On Wednesday I'd arranged permission to visit one of the jewels in Lincolnshire wildlife's crown, giving a month's notice to look round, so hopes were high, especially as we were there on the brightest day for some time. We went to the Main hide to find a group of massive lenses sprinkled liberally around the hide, just leaving the top right hand corner completely free. We were OK going up this side of the hide, but there wasn't room for everyone, so 4 participants needed to go to the other side. They were immediately hit by opposition. First a bloke said there wasn't room even though there plainly was, then when one person slipped into a gap, which someone tried to block with a box, the hide 'owner' complained that his wife would no longer be able to see anything through his scope - why didn't they sit next to each other then? He told the 4 that they would see more elsewhere, and continued in this vein making remarks like "why don't you split up' there are plenty of hides"? I just wish I could remember some of the other outrageous remarks he is alleged to have made during the 20 minutes we remained in the hide. He made nasty comments to Maureen, Brian and Michael, and possibly others. He must be an habitual offender, as the locals downstairs were chuckling at his outbursts. More than hour later he followed us round the reserve and passed us near the Hotel hide. He then returned to the Main hide, where he adopted the same posture as before with his poor wife more than one fat person's width to his right. He obviously does this often to deter anyone else from joining them up there. He deserved a bucket of gunge poured over his head, the miserable bar steward!
From the hide itself the rest of us saw a Great Crested Grebe, plus Pochard, Shoveler, and in the afternoon a Water Rail fluttered across from under the hide, concealing itself immediately in the right hand reedbed fragment. A strange grey bird seemed to be sitting statically near Reedy Hide during our afternoon visit. It was right on the edge of our sight. So it was very hard to make anything of it without a telescope. Was it the back of a male Sparrowhawk, but someone else suggested an owl? Eventually it moved, when it was possible to discern it was a Grey Squirrel gorging itself on Hawthorn berries.
After this we walked along the LOTR tunnel, and in the morning we crossed the road & then went round the new lake area where we saw Wigeon, Gadwall, Teal and Friday unmentionables & a couple of us saw a male Bullfinch. After lunch we went the traditional way. I checked out the brand new hide, but could only see 6 Teal, so it wasn't worth the group's while visiting that hide.
The Back of the Rude Pratt & his Better Half
The Ignorant Pillock (right) & Long-Suffering Spouse
On the river bank we saw 3 Bar-tailed Godwits and a few Redshanks dotted widely on the estuary mud. In the afternoon though the river was almost as far out as it ever gets, and all the birds had vanished with just a few scattered gulls travelling up the Humber.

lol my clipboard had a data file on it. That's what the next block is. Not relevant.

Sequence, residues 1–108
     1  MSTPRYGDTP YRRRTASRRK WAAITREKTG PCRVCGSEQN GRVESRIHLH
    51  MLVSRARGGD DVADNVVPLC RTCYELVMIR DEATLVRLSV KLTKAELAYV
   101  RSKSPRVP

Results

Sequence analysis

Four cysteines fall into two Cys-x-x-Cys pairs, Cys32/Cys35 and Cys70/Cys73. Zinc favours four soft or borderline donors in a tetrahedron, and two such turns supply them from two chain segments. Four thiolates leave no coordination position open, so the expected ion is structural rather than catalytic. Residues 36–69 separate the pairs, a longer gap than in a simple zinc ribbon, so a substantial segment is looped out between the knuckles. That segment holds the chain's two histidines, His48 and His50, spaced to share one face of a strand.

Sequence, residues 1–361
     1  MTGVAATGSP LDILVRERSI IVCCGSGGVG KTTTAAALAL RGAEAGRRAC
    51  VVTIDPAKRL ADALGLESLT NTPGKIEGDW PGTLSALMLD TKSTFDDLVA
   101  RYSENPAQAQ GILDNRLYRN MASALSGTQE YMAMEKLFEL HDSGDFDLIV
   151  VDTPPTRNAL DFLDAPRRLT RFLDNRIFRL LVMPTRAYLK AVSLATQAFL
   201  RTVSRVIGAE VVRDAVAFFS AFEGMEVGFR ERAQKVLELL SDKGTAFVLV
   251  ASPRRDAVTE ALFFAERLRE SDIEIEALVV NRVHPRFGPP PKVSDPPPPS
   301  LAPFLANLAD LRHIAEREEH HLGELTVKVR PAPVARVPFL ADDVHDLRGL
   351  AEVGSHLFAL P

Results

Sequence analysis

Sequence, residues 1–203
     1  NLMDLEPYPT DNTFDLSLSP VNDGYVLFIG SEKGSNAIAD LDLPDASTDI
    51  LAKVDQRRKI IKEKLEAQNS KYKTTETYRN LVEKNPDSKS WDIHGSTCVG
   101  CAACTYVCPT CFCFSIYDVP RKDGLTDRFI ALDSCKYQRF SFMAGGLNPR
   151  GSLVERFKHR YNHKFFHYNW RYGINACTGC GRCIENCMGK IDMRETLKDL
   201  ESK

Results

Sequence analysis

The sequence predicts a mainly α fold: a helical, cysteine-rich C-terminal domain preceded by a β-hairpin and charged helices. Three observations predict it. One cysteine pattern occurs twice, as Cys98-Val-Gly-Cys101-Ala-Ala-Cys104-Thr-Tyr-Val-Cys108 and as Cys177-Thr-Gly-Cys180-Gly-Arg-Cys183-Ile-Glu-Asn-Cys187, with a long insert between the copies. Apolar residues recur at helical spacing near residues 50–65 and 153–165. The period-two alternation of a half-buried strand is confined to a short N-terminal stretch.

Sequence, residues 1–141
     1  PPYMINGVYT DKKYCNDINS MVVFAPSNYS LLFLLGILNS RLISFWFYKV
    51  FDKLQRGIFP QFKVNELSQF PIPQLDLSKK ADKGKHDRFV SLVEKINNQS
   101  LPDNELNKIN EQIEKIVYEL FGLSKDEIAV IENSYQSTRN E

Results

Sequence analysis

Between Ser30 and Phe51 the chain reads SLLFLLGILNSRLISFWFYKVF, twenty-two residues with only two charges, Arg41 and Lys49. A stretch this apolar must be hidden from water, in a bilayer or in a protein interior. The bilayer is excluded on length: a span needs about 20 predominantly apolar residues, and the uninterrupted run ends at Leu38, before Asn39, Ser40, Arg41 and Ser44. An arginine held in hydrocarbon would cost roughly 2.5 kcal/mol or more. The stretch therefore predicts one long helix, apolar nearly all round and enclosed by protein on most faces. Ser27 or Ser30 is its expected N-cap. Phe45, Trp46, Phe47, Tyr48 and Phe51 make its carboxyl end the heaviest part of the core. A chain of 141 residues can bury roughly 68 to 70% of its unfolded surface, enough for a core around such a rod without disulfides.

From Reedy Hide we could see that the miserable bloke was still in position in the hide opposite. Birds seen looking into the glare of the sun included: Great Crested Grebes, Cormorants, Shoveler. Unfortunately, when we arrived there after lunch a work party had come out into the open and were burning reeds, so all the wildfowl had fled, only Coots had taken up residence in the water furthest from the smoke. Maureen cracked open her gorgeous mince pies for the morning group, which helped calm things down after the rancid encounter with the unpleasant yellow belly in the first hide.
We made our way along the northern edge of the reserve, but everything was very quiet here with just an occasional Redwing seen in the morning, and Magpies and Grey Squirrel in the afternoon. In the deeper water near the hotel there were a good number of Tufted Ducks with one very handsome drake Goldeneye. The plan was then to sit in the hide opposite the hotel and wait to see if the Kingfisher was around. Unfortunately, a photographing cyclist had set up this public hide with camouflage netting over the window slits. When I peeped through a crack in the door I was met with the staring glare of the occupant, and felt I couldn't introduce my students into this intimidating environment. My participants were requested to pay a nominal fee for the pleasure of visiting this site, and at least 4 of whom had subsequently been insulted by the boorish git in the Main Hide, and now they were being denied access to the public hide with a possible Kingfisher.
In the afternoon at the visitor centre I queried this use of a public hide by a photographer. The person manning the desk, said that such behaviour was not authorised by the trust, and we should have confronted the photographer, and entered the hide anyway. We've never seen this anti-social behaviour happen before, but now we know what to do if this should ever happen again.
The afternoon group had a very pleasant encounter with a Willow Tit, which was almost an adequate compensation for being unable to get into the Kingfisher hide, which was still being commandeered by the photographer. We then shared cars to the visitor centre, which is open every Wednesday afternoon. The morning group encountered a very handsome Heron, and saw another distant example. Our visit raised £17 for the Lincolnshire Wildlife Trust with just 2 people refusing to contribute. It was unfortunate that what should have been a pleasant day in glorious weather should have been spoiled by the selfish actions of couple of Yellowbellies. And I thought Yorkshire people had a rather unfriendly reputation....